13 against which to measure further progress in implementing the Recommendation in the coming years. The report has two main target audiences. First, at national level, the political leaders and civil servants who are responsible for implementing the Recommendation. And secondly, the Committee of Ministers of the Council of Europe, which agreed, on adopting the Recommendation, that it would conduct a review of progress towards its implementation in March It is intended that this report will contribute to that review. Methodology The report s assessment of progress is based on a checklist of specific detailed measures required by the Recommendation. This list of measures is derived from the text of the Recommendation and its Appendix, supplemented by additional details set out in the Explanatory Memorandum. This checklist, and the data which Háttér Support Society for LGBT People in Hungary has compiled in order to assess progress in implementation of the individual measures of the Recommendation, are set out in Appendix III to this report, entitled Compliance Documentation Report. The data used to assess progress in implementation have been obtained from a number of sources: Responses from individual ministries to letters from Háttér listing the relevant checklist questions, and asking for comments on actions taken to implement the related measures. Information from published sources, such as the reports on Hungary commissioned by the Council of Europe Commissioner for Human Rights as documentation for his report, Discrimination on grounds of sexual orientation and gender identity in Europe. Research and documentation assembled by Háttér and other non-governmental organisations including the Hungarian Helsinki Committee, TransVanilla Transgender Association, Frigo Association, Inter Alia Foundation, Atlasz LGBT Sports Association and the Hungarian LGBT Alliance. 13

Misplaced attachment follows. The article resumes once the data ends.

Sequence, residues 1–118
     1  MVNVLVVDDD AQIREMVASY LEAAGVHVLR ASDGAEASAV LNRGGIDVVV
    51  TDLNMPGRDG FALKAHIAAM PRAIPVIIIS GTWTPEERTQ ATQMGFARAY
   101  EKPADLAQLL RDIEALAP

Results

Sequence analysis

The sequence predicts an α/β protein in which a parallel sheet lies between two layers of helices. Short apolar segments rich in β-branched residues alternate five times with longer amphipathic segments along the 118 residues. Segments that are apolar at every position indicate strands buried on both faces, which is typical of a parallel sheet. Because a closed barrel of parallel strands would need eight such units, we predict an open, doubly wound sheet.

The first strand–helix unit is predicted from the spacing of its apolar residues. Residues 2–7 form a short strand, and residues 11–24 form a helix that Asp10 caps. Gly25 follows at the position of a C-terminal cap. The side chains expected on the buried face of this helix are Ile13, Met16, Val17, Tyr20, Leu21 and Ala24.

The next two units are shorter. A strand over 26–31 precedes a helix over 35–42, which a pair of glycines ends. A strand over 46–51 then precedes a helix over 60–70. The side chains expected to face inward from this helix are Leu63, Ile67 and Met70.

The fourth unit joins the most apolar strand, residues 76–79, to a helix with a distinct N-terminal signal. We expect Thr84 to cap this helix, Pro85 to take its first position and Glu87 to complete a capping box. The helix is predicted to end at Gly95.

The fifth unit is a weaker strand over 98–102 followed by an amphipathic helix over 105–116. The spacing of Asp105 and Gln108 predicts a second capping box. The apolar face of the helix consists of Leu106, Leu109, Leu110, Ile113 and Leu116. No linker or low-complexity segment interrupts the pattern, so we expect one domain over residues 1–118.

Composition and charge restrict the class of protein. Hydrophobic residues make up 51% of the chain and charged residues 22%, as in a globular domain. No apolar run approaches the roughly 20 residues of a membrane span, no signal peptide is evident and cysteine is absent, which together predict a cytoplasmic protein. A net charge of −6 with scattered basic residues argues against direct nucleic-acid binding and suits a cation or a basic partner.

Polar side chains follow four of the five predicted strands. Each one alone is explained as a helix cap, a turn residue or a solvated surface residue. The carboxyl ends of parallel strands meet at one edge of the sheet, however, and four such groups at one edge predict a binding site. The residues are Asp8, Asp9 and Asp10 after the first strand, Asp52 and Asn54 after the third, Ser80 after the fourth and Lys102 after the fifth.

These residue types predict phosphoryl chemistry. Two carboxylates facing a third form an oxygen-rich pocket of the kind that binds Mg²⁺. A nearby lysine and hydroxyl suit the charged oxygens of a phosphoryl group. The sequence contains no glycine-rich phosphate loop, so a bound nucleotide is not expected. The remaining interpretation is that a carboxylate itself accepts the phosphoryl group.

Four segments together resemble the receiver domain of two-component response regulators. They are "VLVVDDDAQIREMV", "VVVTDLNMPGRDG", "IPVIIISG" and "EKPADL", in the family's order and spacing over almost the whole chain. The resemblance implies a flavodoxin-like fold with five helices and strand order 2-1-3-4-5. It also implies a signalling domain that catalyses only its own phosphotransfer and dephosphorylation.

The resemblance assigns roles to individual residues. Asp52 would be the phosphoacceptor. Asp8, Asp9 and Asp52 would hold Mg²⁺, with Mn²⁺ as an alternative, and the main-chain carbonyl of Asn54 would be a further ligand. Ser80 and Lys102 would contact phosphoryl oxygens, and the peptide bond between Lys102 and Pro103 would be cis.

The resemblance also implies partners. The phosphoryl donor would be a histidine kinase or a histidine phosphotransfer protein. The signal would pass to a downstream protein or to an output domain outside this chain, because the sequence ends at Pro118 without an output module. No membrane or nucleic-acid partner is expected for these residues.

14 IV. SUMMARY REPORT This section summarizes the main findings of the research in highly condensed format. Detailed information, among others references to sources are included in the Compliance Documentation Report in Appendix III. The Recommendation The operative text of the Recommendation includes four main requirements: a review of existing measures to eliminate any discrimination on grounds of sexual orientation or gender identity, introduction of effective measures to combat such discrimination, ensuring that victims have access to effective legal remedies, and ensuring that the recommendation is translated and disseminated as widely as possible. It also requires that member states be guided by the principles and measures contained in the Appendix to the Recommendation. The Hungarian Constitution (Act no. XX of 1949) contained a general non-discrimination clause including the prohibition of discrimination based on any other ground (Article 70/A) that has been consistently interpreted by the Constitutional Court to include sexual orientation. When the government announced its plans to draft a new constitution, LGBT and general human rights organisations campaigned for the specific inclusion of sexual orientation and gender identity in the non-discrimination provisions. When the new constitution, entitled the Fundamental Law of Hungary was adopted in 2011, these proposals were rejected. The new constitution retains an open-ended clause on the prohibition of discrimination [Article XV(2)]. The constitutional non-discrimination provision is complemented by a comprehensive antidiscrimination legislation (Equal Treatment Act) that offers broad and far-reaching protection against discrimination specifically covering sexual orientation and gender identity. Victims of discrimination have a wide choice of remedies, including a fast and cheap procedure by a designated government agency (Equal Treatment Authority); enforcement of personality rights via civil court procedure; and sectoral remedies in media and consumer protection law; only the civil procedure allows for the awarding pecuniary and non-pecuniary damages. In addition to the set of remedies available in individual cases of discrimination, the Constitutional Court offers limited possibilities to challenge allegedly discriminatory legislation. While individual legal remedies exist to address cases of discrimination, there is no systematic equality policy against discrimination based on sexual orientation and gender identity, promoting the fundamental rights and well-being of LGBT people. No comprehensive review has been conducted in order to screen discriminatory legislative and other measures, and no national action plans or strategies aimed at tackling bias or prejudice in general or specifically concerning sexual orientation or gender identity have been adopted. The mandate of the governmental department on equal opportunities does not specifically include a mandate to work on LGBT issues. The Hungarian government has taken no specific action on implementing the Recommendation and its Appendix besides producing an official translation and publishing it on the website of the government. LGBT civil society organizations were not consulted about the measures needed for the implementation of the Recommendation and no dissemination activities were conducted targeting relevant authorities and service providers. 14